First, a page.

Trade Marks And Distinctiveness



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In this article, we discuss two trade mark applications – one in the EU, and one in Japan. In each case the application for registration was refused on the basis of non-distinctiveness.
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In this article, we discuss two trade mark applications – one in the EU, and one in Japan. In each case the application for registration was refused on the basis of non-distinctiveness. These applications bring home the fundamental point that distinctiveness lies at the heart of trade mark law and protection.

THE EU - an application to register the term NOT MILK as a trade mark for, well...not milk

The mark

There's a company in Chile that goes by the interesting name of The Not Company Spa. This company applied to register at the European Union Intellectual Property Office ("EUIPO") the mark NOT MILK – the application covered classes 29 and 32 for milk substitutes and fruit and vegetable beverages. A representation of the mark appears below:


*Image credit

The Examiner

The Examiner ruled that the application could not proceed because the mark was descriptive and non-distinctive in respect of the goods. The examiner made the point that acquired distinctiveness had not been proved.

The Board of Appeal

The matter went up to the Board of Appeal, which agreed with the Examiner. It said that the trade mark was descriptive vis a vis the goods. It said that the public would interpret the words 'Not milk' as meaning products in classes 29 and 32 that do not contain milk or dairy products.

The Chileans were far from chilled - they took this matter up to the next level.

The General Court

At the General Court of the European Union (GC), the Chilean company argued that 'Not milk' could not be considered descriptive of the goods. The EUIPO, on the other hand, argued that the expression has a very clear and plain meaning – it indicates that the goods do not contain milk or dairy products. Making it totally descriptive. The graphic elements in the mark do not alter this!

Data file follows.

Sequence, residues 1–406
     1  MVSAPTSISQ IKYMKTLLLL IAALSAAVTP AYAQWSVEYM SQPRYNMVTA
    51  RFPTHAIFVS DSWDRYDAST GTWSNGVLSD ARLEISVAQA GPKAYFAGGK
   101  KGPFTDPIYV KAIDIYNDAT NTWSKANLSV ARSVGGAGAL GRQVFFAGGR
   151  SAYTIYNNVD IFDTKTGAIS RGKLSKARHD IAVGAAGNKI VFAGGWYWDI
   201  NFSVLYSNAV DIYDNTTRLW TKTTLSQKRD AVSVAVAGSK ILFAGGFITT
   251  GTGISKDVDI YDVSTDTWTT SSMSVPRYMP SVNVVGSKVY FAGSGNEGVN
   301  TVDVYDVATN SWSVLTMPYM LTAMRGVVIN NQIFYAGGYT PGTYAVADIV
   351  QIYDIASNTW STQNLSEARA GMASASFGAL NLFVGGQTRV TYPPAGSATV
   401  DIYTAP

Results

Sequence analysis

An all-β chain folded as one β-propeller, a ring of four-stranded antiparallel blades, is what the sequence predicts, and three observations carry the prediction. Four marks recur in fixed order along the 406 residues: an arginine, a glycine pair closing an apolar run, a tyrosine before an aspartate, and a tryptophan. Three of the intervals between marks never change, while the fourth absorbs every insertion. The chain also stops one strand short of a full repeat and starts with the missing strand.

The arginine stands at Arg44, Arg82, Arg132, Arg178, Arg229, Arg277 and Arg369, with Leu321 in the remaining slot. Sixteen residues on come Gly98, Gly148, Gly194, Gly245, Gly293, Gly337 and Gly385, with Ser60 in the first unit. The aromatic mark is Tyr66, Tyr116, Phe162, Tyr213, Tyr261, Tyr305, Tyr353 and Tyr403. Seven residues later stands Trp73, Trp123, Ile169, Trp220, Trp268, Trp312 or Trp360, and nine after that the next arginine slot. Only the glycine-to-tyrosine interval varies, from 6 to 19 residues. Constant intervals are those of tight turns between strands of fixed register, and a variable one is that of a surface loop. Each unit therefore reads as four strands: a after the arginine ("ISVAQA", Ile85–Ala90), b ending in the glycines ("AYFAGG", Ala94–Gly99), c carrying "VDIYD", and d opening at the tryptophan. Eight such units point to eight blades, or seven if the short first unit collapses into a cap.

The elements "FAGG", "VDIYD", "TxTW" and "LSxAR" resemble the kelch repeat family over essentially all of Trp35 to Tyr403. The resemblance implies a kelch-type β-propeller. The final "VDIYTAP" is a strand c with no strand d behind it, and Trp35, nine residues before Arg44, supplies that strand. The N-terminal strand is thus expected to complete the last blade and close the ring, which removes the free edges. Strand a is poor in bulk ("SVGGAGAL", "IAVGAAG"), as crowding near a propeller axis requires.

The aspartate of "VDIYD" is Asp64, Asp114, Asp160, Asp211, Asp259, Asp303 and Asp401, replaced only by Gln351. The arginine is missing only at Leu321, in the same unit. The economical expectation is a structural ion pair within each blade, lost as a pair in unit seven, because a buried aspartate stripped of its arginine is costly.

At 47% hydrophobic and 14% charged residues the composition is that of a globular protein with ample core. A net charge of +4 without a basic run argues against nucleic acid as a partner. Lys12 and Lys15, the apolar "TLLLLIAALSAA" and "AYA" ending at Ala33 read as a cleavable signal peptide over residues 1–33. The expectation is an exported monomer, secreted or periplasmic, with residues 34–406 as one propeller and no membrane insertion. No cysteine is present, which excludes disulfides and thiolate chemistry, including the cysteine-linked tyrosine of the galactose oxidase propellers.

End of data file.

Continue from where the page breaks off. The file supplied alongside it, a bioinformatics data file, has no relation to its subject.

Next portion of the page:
The GC sided with the EUIPO and ruled that the application should indeed be refused on the basis of descriptiveness/ lack of distinctiveness.

JAPAN - an application to register the shape of a watch as a trade mark

The mark

Watchmaker Audemars Piguet Holding SA (AP) filed an application to register the shape of the Royal Oak watch collection in Japan – a representation of the watch appears below. We're told that the mark comprises 'a dial with tapisserie pattern and hour markers, minute track, date window, an octagonal bezel with eight hexagonal screws, case, crown, and a lug of the famed ROYAL OAK watch collection'. The examiner refused the application.


*Image Credit

The Appeal Board

The JPO Appeal Board also refused the application on the basis of lack of distinctiveness. It made the point that consumers would simply see what had been filed as a generic shape of a wristwatch, rather than as an indicator of source. The JPO Appeal Board went on to say that there was insufficient evidence of use to establish acquired distinctiveness. The matter was taken on appeal to the High Court.

The High Court

The High Court said that 'the applied mark lacks distinctiveness since it remains within the scope of expected selection of the shape for functional reasons of a wristwatch.'

On the issue of acquired distinctiveness as a result of substantial use since 1972 (with annual sales in excess of JP¥8 billion for the past six years and significant advertising expenditure), the court made the point that no market research that established acquired distinctiveness had been submitted. There was, therefore, no reason to suppose that the mark had played any role in identifying the source of the watch, Audemars Piguet.

The result

The refusal was upheld.

Final words

Companies are often keen to adopt trade marks that tell the public exactly what the product or service is. But descriptive trade marks can be very difficult to register, and they are unlikely to stand out in the marketplace. Brand owners should, of course, seek legal advice on trade mark adoption or creation.

The content of this article is intended to provide a general guide to the subject matter. Specialist advice should be sought about your specific circumstances.

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